Periodical Reviews -- By: Anonymous
BSac 119:476 (Oct 62) p. 352
Berger, Peter L., “Religious Establishment and Theological Education,” Theology Today, July, 1962.
A professor of sociology at an Eastern seminary calls for a return to the traditional disciplines of theological education in order that the ministry may lead in revitalizing a church which is “typically a reactor rather than an actor with regard to the social forces around it.” Berger asserts that “neither the sacerdotal nor the charismatic concepts of the ministry are really live options today in our major Protestant denominations. The real alternative to a scholarly ministry is not sacramentalism or charisma” for he has already demonstrated that behind these lies Christian scholarship. “It is rather the type of the religious organization man,” who could be prepared for his role in the church by a seminary curriculum which could be “characterized as a cross between business administration, public speaking, and social casework. There would have to be a minimal quantity of theological indoctrination, just enough to fulfill the legitimating functions required by the role—say, to the extent that junior executives being trained for their future work in a corporation would also, somewhere along the line, learn a set of ‘company principles,’ verbal allegiance to which being regarded as part of the loyalty they owe to the organization.” He decries the marginal role that theology plays in the life of the average minister, whether in his relations to his denomination or to his church. If one starts from historic presuppositions of Protestantism, “there is no theoretical alternative to a scholarly ministry,” the author contends. “Furthermore, there is no theoretical alternative to an academic concept of theological education. If we would heed the voice of our bad conscience, we are driven back to the traditional Protestant conception of the theological curriculum. This, of course, implies a strongly conservative position. But this very conservatism is revolutionary if seen against the background of what occurs in most of our seminaries today. Indeed if the dissonant phrase of radical conservatism ever has any validity, it has it in this context.”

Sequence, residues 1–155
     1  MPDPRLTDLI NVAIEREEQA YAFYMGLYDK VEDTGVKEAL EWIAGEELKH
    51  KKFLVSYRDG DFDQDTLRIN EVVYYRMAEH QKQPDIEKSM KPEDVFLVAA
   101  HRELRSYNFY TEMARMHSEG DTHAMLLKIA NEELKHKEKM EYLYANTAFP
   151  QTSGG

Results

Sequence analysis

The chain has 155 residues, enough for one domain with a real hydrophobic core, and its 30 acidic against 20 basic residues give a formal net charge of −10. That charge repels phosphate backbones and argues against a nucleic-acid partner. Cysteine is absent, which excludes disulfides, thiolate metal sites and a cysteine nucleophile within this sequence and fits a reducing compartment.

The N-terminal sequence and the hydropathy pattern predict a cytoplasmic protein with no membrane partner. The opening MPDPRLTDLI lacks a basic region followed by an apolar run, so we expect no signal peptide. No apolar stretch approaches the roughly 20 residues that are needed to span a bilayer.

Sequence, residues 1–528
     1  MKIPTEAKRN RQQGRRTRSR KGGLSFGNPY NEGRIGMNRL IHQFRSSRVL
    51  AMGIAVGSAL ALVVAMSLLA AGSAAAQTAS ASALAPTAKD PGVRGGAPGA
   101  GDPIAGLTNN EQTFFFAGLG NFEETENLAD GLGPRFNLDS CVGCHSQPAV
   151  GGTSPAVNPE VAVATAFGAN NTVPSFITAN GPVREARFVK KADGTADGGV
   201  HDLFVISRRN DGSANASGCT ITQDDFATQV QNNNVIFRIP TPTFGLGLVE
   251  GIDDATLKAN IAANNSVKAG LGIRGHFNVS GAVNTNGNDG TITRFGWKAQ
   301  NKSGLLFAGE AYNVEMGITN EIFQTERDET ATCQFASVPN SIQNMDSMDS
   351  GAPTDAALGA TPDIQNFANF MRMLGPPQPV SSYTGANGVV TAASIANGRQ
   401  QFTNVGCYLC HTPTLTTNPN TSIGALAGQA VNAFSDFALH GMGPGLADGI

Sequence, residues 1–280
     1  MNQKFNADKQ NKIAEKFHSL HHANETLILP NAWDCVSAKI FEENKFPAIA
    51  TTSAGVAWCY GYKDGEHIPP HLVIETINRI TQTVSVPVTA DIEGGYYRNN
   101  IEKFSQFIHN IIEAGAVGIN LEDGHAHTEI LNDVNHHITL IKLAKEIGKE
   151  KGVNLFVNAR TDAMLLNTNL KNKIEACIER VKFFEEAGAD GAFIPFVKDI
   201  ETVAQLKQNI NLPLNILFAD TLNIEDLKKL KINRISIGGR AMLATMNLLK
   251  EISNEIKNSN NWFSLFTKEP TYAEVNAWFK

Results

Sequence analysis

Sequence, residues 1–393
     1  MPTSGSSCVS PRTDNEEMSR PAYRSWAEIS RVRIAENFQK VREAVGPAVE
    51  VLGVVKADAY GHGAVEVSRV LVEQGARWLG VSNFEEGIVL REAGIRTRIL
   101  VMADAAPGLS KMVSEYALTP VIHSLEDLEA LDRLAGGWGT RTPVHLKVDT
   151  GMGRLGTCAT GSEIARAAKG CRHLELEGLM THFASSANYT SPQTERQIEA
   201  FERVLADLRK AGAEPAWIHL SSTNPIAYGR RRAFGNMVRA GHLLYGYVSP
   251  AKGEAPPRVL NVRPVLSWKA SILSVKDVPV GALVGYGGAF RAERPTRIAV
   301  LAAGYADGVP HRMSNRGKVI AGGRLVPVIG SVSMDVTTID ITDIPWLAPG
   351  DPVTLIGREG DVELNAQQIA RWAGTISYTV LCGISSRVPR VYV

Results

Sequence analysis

Berger sees clearly the implications of his position. Even as the conservative seminaries have
BSac 119:476 (Oct 62) p. 353
continued to exalt the traditional Biblical and theological disciplines, so must there be a return to these on the part of those schools which turned successively to the social sciences, the psychological and the literary disciplines in an attempt to make the curriculum relevant to the age in which we live. “If the Protestant minister is to be a theological scholar, then his education must concentrate on furthering theologic...
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